Over the years, MobiHealthNews has written about various efforts to create consumer sensors for food allergies, but they've mostly been relegated to proof of concept or research projects. Now, according to TechCrunch, startup 6SensorLabs has raised $4 million in seed funding to tackle the problem, starting with gluten detection.
The round was led by Upfront Ventures and included contributions from SoftTech VC, Lemnos Labs, Kapor Capital, SK Ventures and Xandex Investments. Lemnos Labs is an accelerator the company has been participating in. 6SensorLabs' first product is called the Canary sensor.
"The team is developing a portable and flexible technology platform designed for consumers, empowering them to test their food and share their results anywhere and anytime," Lemnos Labs writes on its website. "Their first product is a gluten sensor, supporting the millions of American who have a gluten intolerance and who frequently get sick from hidden gluten in their food. They have developed a sensing technology that is 10X faster than existing methods to test food for gluten. The 6SensorLabs patent-pending technology platform extends beyond gluten, with incredible possibilities for the rapid detection of any toxin in our food."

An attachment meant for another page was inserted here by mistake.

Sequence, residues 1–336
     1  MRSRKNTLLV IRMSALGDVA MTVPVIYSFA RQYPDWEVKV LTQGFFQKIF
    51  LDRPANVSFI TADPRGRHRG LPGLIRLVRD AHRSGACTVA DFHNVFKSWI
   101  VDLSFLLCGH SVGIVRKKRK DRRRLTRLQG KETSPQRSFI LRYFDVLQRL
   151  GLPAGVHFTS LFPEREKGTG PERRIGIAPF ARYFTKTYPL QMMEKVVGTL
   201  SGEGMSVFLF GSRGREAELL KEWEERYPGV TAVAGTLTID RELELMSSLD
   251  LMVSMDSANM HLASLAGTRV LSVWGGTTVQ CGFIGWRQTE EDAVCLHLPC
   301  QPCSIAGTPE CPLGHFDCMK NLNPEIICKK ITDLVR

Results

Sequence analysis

In addition to testing food and returning a result, the sensor will send the data to the user's smartphone and allow the user to record and store the results of each meal. Eventually, according to 6SensorLabs' website, the startup will collect enough data to start building crowdsourced maps of gluten free food items and restaurants that will be accessible from the app.
TechCrunch reports that the device will cost less than $150, but will include disposable components that would come at an additional cost.
One previous attempt to build a similar device was developed by Aydogan Ozcan's lab at University of California Los Angeles. Called the iTube, it was able to identify peanuts, almonds, eggs, gluten and hazelnuts using a spectrometer attached to the iPhone camera and display the concentration in parts per million. So far the device has not emerged as a consumer product.
The University of Illinois at Urbana-Champagne launched a similar research project in May 2013. The system, consisting of an iPhone cradle and an app, could detect viruses, bacteria, toxins, proteins and even allergens in food using the smartphone’s camera as a spectrometer and the powerful processor to make calculations.
A couple of other devices have played in this space but steered clear of making medical claims like preventing allergic reactions. SCiO, a tiny smartphone-connected spectrometer, raised $2 million on Indiegogo and another $4 to 5 million from Khosla Ventures in June. "SCiO is NOT a medical device and should NOT be relied on to protect you from allergens, from gluten, or from lactose,” the company's crowdfunding campaign page stated — emphasis SCiO’s. Another similar device, called TellSpec, raised $380,000 on Kickstarter for a similar device, but the veracity of that company's claims has been called into question.